wrote an email ref we might have an original of this and forgot to leave my email for contact ..annah1@btinternet.com it is the email ref an italian painter who used to bring his family to lismore every year to stay in castle with duke of devonshire...my nam was a milk maid there and she was given a crying boy and another painting....it does not look like a print but an oil painting and the signiture in top right hand corner looks lkke a w bragolin but hard to make out..it is certainly not a print...the other painting is of a lady in oils we think done by same person but we can't find signiture....they are in old wooden frames..can anybody help

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      Bob the helper 2 months ago

      To be Save or Remove this Curse You have to get a Crying girl to keep him from doing ANY Dangerous Stuff, “Someone said that The little Crying boy would also come out the painting” If you have a Crying boy I consider you get a Crying girl to keep him company!

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      Elisabeth Gardner 3 months ago

      Absolute nonsense to blame a painting or print for a disaster In a house. I owned this painting 20 years ago if not longer and nothing happened ever. People have to much phantasy. If I can buy another one I will.

    • anncarcat profile image
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      Ann Carney 4 months ago from UK

      That is a lovely thought Sumiya.

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      Sumiya Ahmed 4 months ago

      For this boy I felt sad.. But if he is unlucky.. Then I also Don't want to ran my whole family... If he is still alive I pray he became lucky for everyone.. N he deserves love... God bless him

    • anncarcat profile image
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      Ann Carney 5 months ago from UK

      This is the problem Wanor, fires happen unfortunately. Common sense tells you the painting can’t be the cause but are you prepared to tempt fate? I would rest easy and enjoy your cards if they turn up, such beautiful children. Best wishes, Ann.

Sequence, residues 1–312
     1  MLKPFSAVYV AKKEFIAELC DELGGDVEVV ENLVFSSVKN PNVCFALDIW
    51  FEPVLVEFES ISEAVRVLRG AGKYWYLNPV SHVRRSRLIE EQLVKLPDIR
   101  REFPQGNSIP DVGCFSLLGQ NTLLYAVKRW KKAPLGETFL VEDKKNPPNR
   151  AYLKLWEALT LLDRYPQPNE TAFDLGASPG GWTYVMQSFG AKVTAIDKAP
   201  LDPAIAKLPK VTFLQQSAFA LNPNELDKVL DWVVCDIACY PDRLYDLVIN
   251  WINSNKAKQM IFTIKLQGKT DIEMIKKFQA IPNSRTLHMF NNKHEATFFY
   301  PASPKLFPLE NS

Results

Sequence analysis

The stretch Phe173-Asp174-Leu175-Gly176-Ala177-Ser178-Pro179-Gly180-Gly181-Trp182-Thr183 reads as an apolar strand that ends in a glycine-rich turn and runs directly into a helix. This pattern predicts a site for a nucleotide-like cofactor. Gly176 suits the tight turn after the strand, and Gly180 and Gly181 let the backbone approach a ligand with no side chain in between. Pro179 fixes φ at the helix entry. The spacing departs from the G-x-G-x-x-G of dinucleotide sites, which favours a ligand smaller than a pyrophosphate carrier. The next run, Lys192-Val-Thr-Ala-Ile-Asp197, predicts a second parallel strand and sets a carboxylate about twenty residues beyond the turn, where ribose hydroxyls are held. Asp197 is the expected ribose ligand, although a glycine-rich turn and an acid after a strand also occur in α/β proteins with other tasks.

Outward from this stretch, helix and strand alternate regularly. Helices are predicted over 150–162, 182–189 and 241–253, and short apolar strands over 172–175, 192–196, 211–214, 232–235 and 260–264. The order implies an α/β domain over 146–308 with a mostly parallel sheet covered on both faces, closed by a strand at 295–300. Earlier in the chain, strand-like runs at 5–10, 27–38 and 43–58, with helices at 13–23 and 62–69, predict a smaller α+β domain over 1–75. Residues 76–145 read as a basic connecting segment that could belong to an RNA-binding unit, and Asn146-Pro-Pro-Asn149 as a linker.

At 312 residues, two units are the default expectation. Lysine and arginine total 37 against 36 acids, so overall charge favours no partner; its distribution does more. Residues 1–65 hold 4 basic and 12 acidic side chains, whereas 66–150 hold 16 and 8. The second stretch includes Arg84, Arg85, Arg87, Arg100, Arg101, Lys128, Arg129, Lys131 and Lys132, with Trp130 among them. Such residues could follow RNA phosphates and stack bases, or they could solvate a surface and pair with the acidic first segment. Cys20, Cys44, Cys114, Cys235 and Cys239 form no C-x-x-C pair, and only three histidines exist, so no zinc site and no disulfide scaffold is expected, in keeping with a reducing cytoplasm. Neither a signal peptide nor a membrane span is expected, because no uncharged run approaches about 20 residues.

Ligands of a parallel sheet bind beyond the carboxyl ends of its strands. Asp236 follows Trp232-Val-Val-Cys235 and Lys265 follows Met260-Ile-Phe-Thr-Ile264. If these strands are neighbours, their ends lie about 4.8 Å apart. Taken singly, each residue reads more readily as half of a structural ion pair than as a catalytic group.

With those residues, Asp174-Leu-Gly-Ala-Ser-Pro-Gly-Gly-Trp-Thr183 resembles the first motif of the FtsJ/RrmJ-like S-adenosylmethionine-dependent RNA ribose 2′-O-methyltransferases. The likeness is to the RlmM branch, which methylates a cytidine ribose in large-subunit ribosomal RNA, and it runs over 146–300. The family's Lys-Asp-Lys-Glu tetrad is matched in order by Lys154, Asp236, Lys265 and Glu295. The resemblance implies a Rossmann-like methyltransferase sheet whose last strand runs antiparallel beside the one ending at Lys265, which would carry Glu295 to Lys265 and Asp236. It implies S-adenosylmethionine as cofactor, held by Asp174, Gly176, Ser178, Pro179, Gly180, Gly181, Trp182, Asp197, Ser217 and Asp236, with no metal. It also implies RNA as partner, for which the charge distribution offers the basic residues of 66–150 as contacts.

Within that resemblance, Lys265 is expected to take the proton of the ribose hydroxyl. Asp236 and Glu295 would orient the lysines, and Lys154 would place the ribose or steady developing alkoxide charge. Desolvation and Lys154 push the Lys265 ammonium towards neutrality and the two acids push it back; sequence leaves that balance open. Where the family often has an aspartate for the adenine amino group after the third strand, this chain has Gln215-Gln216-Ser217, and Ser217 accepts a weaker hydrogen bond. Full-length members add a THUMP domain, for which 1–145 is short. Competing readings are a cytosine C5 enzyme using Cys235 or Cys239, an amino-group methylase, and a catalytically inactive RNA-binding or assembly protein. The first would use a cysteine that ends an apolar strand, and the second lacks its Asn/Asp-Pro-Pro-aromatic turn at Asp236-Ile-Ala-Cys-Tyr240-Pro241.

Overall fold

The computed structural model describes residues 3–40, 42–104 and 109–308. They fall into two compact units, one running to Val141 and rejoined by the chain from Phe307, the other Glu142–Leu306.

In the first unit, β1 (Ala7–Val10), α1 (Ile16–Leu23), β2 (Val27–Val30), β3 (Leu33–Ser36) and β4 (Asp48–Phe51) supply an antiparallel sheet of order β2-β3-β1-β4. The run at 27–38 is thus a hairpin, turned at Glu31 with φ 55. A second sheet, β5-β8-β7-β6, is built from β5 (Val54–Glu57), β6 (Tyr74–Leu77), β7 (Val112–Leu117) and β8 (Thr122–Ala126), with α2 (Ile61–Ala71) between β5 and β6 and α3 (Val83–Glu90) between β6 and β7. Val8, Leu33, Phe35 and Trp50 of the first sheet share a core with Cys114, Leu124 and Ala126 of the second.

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      Wanor Sintaro 5 months ago

      Hi Ann... I bought this crying boy post card when I was a teenager in the 80s. One of my most favourite post card collections. I don't believe in this superstition but...my parents' house caught on fire ten years ago caused by a short circuit. Now I am wondering whether the crying boy post card was at my parents' house. I think I have lost it.. :-) &*_*& Have a nice Day!

    • anncarcat profile image
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      Ann Carney 5 months ago from UK

      Thanks for your comment. The whole story is fascinating. Have a good day. Best wishes, Ann.

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      Shrewsbury lou 5 months ago

      We actually had this painting in our condo which traveled with us from from new york. I was told that the boy was crying because if you look at the picture sideways it looks like a face (demon of some sort) can be made from the coat.

      We never had any fires but then again When the picture was packed along with other paintings, this one was in front and tape was used to hold them together for easy transport. When the tape was removed, it left a cross imprint across the picture which may be why we never had any issues.

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      Dilruba Hossain 5 months ago from Dhaka

      your right

    • anncarcat profile image
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      Ann Carney 5 months ago from UK